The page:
top of page
  • Glenn Sonnenberg

Musings from the Bunker 5/25/20

Good morning and Happy Memorial Day,

Thinking of those who sacrificed for us in our country’s wars, as well as those whose voices were silenced in service of others.



So many of you have spoken in glowing terms of the author Erik Larson. I have held off writing about Mr. Larsen’s books until I finished his most recent, about the Churchill family living through the London Blitz and the first year of Churchill’s tenure as Prime Minister. I finished it this week and it did not disappoint. Larson has mastered the ability of describing historical events in a way that reads like a novel. His books are page-turners with brilliant observations about the main events, but interspersed with interesting tidbits and side-notes about the time in which the events unfold.

Larson sets a goal of writing a page a day, beginning his writing before sun-up, powered by coffee and an Oreo cookie. He stops in mid-paragraph or sentence, so he knows exactly where he left off. He does this every day of the year other than Christmas, which he takes off. Here are a few snippets about his most popular works:

The Devil in the White City—This is the book that really put him on the map. The book intertwines the stories of the 1893 Chicago World’s Fair (which was described as the “White City” and a serial murderer of the time. Tiny tidbit: Besides various other “best” lists, ames Dyson, of the eponymous vacuum empire, named it one of his ten favorite books.

Thunderstruck—I felt this was brilliant as well. The story of the Marconi wireless, its development and popularization. This story also intertwines an historical event with a murder—committed by a milquetoast who then runs off on an ocean liner. Unbeknownst to him and his paramour, the captain of the ship recognizes him and radios shore about his presence. The world follows their travels and the story of their crime, reaching a denouement in their arrest upon arrival in America.

Dead Wake—We all know the story of the Titanic, but the story of the Lusitania arguably is more interesting and certainly of greater historical significance. Larson switches back and forth from the Lusitania and the German U-Boat in telling the story. He uncovered the captain’s papers at Stanford university. An interesting book but, in my opinion, not as strong as the others cited here.

In the Garden of Beasts—The story of the rise of Hitler in the mid-30s. Told through the experiences of the family of William E. Dodd, American ambassador to Germany. He took the job because he thought Germany would be a quiet posting. His daughter begins her stay in Germany as an anti-Semite who didn’t really understand the situation early on. The New York Times called this “…by far [Larson’s] best and most enthralling work of novelistic history…”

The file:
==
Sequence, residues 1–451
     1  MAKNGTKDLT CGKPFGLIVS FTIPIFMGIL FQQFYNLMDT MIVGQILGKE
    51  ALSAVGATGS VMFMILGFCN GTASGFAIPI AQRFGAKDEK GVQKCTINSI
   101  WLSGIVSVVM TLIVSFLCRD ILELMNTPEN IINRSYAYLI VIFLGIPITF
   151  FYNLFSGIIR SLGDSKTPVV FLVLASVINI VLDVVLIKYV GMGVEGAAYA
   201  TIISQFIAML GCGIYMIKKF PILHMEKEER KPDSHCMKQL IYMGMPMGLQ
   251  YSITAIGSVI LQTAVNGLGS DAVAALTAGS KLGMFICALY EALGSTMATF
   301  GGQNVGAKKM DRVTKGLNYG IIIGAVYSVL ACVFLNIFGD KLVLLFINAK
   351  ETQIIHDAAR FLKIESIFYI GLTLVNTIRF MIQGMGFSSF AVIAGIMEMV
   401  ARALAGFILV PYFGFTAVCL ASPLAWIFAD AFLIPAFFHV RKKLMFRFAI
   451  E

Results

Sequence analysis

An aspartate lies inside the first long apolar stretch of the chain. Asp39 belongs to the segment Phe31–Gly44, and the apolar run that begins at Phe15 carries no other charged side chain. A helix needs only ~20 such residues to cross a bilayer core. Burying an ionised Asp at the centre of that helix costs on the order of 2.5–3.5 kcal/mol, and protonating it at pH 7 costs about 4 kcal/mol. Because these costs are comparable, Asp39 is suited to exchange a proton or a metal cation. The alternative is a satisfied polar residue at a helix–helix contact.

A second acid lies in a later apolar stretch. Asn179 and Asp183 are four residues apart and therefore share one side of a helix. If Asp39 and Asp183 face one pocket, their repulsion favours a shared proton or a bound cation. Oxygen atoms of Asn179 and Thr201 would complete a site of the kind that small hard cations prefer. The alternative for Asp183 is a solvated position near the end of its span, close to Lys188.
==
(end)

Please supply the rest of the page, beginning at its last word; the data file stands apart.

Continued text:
The Splendid and the Vile—As stated earlier, the story of Churchill’s first year as Prime Minister (May 1940 to May 1941), with some additional color on the periods prior and subsequent. While much of the story is known to those who have read much of the life of Churchill and the story of the Battle of Britain (“never have so many owed so much to so few”), the events, framed within the story of the Churchill family and Churchill’s confidantes, is told as if it is brand new. I loved it and devoured it in three days.

I haven’t read Isaac’s Storm, which describes the Galveston hurricane of 1900. But I’m told it’s good too.



From Roneet Kahan, some fun art (including blue roosters…):



As we wait for the “real” professional sports come around, some have found a home following Korean or Taiwanese baseball. Some are watching reruns of great sporting events. Then there’s the British sports commentator Andrew Cotter, who previously was doing play-by-play on his dogs racing through dinner or fighting over a bone. Now, he’s found a calling in calling the penguin races:



I often think about how we look back on historic events and view everything that happened as inevitable. Wars, economic calamities, and other consequential historic events seem fated when seen from our vantagepoint. Even events in our personal lives often seem in retrospect “meant to happen.” Yet, we know that in our lives there were many small decisions—some guided by logic, some by hunch, some just serendipitous—that got us to where we are.

This is true with the events we are living through now. Nothing is inevitable—we are all actively engaged in this history. We can choose to cooperate with each other. We can choose to be kinder. We can choose to make tough decisions that might involve sacrifice. Nothing is fated. This quote reminds us all that we are living in history. One day everything will be etched in stone. Today it isn’t.

“History runs forward but is seen backward.”

--Soren Kierkegaard

Happy day,


1 view0 comments

Recent Posts

See All

Good morning friends, You may note that the name is changed and the “clock” has been set back. 401 days after the publication of the original Musing from the Bunker. It seems appropriate that the days

Happy weekend! It’s a wrap! This is the 400th Musing from the Bunker—and the last. Tomorrow is the beginning of the next chapter. It seems that, with nearly 40% of Americans now vaccinated, projected

Good morning! DIFFERENT PERSPECTIVES ON ANTHROPOLOGY From Bob Badal: “If you are interested in evolution, take a look at Richard Dawkins' book, The Ancestor's Tale. Combining traditional fossil

bottom of page